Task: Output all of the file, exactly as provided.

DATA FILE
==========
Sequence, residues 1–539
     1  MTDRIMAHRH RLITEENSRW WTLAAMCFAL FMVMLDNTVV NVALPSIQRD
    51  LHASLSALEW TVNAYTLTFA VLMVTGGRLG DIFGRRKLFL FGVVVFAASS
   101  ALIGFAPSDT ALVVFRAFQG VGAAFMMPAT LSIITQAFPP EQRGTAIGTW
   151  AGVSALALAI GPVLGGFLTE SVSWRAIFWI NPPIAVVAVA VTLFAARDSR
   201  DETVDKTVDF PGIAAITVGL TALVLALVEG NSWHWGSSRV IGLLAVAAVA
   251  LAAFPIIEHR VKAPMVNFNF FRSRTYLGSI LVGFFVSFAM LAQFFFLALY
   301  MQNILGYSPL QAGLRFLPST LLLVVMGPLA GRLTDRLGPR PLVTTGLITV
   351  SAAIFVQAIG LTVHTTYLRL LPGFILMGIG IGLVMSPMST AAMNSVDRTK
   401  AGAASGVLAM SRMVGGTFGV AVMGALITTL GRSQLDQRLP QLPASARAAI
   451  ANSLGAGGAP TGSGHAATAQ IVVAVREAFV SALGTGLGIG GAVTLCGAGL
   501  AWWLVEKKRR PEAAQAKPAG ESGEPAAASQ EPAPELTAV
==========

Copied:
Sequence, residues 1–539
     1  MTDRIMAHRH RLITEENSRW WTLAAMCFAL FMVMLDNTVV NVALPSIQRD
    51  LHASLSALEW TVNAYTLTFA VLMVTGGRLG DIFGRRKLFL FGVVVFAASS
   101  ALIGFAPSDT ALVVFRAFQG VGAAFMMPAT LSIITQAFPP EQRGTAIGTW
   151  AGVSALALAI GPVLGGFLTE SVSWRAIFWI NPPIAVVAVA VTLFAARDSR
   201  DETVDKTVDF PGIAAITVGL TALVLALVEG NSWHWGSSRV IGLLAVAAVA
   251  LAAFPIIEHR VKAPMVNFNF FRSRTYLGSI LVGFFVSFAM LAQFFFLALY
   301  MQNILGYSPL QAGLRFLPST LLLVVMGPLA GRLTDRLGPR PLVTTGLITV
   351  SAAIFVQAIG LTVHTTYLRL LPGFILMGIG IGLVMSPMST AAMNSVDRTK
   401  AGAASGVLAM SRMVGGTFGV AVMGALITTL GRSQLDQRLP QLPASARAAI
   451  ANSLGAGGAP TGSGHAATAQ IVVAVREAFV SALGTGLGIG GAVTLCGAGL
   501  AWWLVEKKRR PEAAQAKPAG ESGEPAAASQ EPAPELTAV